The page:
The Power of Storytelling: A Way to UnderstandBlog / Produced by The High Calling
The storyline started running in my head as soon as I pulled up to the property, by all appearances abandoned. It had the makings of a terrible screenplay for a B horror film, including, in my mind, the bodies buried out back.
When he told me I’d have to park on the road and walk in because the driveway hadn’t been cleared, I thought nothing of it. I thought more of it when I arrived to inspect his home after a late-January burglary and saw that his trailer was set back from the road a quarter mile, the nearest neighbor three miles away and the nearest town with an active police force another 26.
Ray, the insured, had not yet arrived. I gathered my gear, pulled on a cap and gloves, and began my trek up the driveway through knee-deep snow. While I could sense the sun on my face, I lost sensation in my toes before I reached the house.
The front door hung off its hinges. The creak of metal on metal, opening and closing in the North Dakota wind, creating a chill winter alone could never muster. I practiced making the sound in my throat. I’d need it when I recounted the tale after work.
The creaking was moderated by the low, steady growl of a dog—a tangle of matted fur and dried alfalfa—lying motionless on a weathered cedar deck. His front paws hung over the top step, his head resting between them. He stared at me with black eyes while he curled his lip up on the left, baring brown and yellow crusted teeth.
I kept my hands, now numb, tucked under my arms, not wanting to alarm the hound with sudden movement. I took three steps backward. “Listen, mutt. Why go to all the trouble for one bony, medium-sized adjuster? Ray is sure to be bigger and meatier.”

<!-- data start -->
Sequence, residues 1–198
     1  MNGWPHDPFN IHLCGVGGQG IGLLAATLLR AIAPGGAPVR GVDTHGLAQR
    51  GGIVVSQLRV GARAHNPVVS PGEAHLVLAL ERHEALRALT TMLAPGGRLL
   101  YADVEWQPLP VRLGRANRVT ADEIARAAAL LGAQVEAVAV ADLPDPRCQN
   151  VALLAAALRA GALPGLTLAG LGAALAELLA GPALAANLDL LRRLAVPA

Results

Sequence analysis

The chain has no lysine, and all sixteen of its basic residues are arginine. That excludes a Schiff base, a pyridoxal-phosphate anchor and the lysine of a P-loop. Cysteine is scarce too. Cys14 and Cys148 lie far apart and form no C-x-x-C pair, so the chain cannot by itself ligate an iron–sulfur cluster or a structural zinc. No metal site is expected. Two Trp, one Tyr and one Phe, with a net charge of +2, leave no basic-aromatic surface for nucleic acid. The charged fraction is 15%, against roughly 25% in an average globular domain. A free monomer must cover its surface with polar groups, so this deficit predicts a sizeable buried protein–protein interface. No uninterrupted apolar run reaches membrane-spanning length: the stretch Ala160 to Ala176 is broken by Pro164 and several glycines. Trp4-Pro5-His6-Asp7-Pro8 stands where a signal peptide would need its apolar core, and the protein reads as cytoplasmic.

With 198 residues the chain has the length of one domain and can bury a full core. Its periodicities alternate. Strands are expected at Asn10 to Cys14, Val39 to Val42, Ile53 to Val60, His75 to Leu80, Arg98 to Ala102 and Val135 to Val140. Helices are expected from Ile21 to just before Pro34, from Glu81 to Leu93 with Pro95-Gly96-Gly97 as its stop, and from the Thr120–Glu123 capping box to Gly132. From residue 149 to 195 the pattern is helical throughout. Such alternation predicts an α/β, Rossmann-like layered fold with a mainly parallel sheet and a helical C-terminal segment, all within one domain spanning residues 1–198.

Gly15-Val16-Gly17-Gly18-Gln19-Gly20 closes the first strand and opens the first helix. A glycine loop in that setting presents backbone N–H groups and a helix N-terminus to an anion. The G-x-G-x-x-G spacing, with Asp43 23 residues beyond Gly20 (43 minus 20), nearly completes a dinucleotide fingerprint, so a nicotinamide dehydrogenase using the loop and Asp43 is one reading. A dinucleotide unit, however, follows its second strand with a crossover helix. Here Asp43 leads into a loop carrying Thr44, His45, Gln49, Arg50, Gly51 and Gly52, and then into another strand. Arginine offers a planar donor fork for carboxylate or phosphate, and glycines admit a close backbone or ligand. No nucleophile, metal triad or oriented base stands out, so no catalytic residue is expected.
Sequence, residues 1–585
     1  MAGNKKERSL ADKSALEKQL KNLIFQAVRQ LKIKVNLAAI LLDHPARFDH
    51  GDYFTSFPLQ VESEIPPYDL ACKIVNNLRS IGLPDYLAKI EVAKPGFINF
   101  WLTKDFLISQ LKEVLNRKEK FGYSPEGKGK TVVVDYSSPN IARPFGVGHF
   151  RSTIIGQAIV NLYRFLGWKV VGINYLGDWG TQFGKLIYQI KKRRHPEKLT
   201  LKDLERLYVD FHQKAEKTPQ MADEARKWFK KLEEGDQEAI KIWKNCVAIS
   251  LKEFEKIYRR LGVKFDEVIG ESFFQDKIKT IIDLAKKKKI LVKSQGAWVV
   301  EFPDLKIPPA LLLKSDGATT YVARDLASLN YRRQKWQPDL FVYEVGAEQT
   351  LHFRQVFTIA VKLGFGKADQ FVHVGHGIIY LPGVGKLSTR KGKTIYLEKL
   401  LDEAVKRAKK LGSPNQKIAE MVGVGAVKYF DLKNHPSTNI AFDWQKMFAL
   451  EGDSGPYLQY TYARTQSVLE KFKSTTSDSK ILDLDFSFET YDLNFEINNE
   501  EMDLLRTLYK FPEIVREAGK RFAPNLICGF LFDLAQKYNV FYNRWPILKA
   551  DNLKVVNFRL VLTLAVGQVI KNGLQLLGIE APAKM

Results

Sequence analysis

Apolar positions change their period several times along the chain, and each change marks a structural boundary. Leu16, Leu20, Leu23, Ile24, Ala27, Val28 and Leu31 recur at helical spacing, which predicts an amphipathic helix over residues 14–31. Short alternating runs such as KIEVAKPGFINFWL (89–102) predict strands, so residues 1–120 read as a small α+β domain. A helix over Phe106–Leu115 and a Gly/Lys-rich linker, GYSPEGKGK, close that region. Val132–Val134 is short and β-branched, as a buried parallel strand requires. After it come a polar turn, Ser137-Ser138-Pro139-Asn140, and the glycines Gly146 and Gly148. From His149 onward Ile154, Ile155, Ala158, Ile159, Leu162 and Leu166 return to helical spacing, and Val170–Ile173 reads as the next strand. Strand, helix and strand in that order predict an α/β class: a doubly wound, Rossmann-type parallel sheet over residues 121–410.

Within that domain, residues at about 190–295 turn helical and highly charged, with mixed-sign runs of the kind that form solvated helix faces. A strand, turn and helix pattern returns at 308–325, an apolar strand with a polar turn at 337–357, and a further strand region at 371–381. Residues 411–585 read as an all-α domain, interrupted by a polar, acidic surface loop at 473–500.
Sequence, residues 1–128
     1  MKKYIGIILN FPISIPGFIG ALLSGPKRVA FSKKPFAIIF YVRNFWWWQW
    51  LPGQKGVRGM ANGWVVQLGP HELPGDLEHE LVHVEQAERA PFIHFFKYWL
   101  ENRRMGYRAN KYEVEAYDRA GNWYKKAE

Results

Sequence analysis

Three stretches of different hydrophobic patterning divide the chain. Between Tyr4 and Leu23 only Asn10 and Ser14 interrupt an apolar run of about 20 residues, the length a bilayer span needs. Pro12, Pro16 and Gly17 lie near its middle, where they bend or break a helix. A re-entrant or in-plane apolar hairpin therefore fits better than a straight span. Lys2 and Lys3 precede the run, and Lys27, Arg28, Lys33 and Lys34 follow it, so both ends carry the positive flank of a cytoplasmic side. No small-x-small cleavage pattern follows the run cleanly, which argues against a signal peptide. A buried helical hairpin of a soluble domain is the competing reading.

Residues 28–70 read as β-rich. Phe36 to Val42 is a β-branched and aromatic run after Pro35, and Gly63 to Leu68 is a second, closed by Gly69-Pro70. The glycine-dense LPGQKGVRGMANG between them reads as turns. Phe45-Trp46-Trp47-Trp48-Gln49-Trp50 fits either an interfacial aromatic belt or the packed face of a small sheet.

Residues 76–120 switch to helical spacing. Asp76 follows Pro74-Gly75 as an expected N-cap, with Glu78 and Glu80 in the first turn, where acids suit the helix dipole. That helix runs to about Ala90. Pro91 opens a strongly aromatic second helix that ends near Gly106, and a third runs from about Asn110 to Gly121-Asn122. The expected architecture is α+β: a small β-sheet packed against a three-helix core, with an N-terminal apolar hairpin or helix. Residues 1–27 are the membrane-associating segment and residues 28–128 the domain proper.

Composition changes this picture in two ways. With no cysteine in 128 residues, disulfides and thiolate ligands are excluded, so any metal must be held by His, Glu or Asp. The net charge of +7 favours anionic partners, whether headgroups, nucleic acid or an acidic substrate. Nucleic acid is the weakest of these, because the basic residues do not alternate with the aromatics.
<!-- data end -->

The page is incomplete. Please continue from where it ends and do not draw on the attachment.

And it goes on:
I heard the crunch of tires on snow and looked up to see Ray get out of a clean, black Ram pickup with custom wheels and ground effects. He wore a knit cap down to his ears and three- or four-day-old scruff. His blue jacket from the casino hung unzipped, and he had on dark green stained work pants over heavy boots. I walked down the drive to meet him for no reason but to move farther away from the dog.
“I’m guessing they came in through the front door?” I said. “Looks like they yanked it off the hinges.”
“Nah. They didn’t do that. Been meaning to get it fixed.” He put his hands in his pockets and kept walking.
We approached the deck, and the dog rolled onto his back, letting us by without resistance. Inside, the house looked like Hurricane Ethel had passed through on a dry spell. I took photographs as we went through each room, asking Ray to identify what was missing. “They really messed the place up for you,” I said, entering the living room. The few pictures on the wall hung cockeyed. Books and magazines were scattered across the floor. Pieces of clothing were strewn atop furniture and a table lamp.
“Nah,” he said, a word I would get used to as the start of every sentence. “They didn’t do anything in here but take an old photo of my dad off the wall.” He pointed to an empty nail above the davenport. “Anyway, been meaning to clean things up a little.”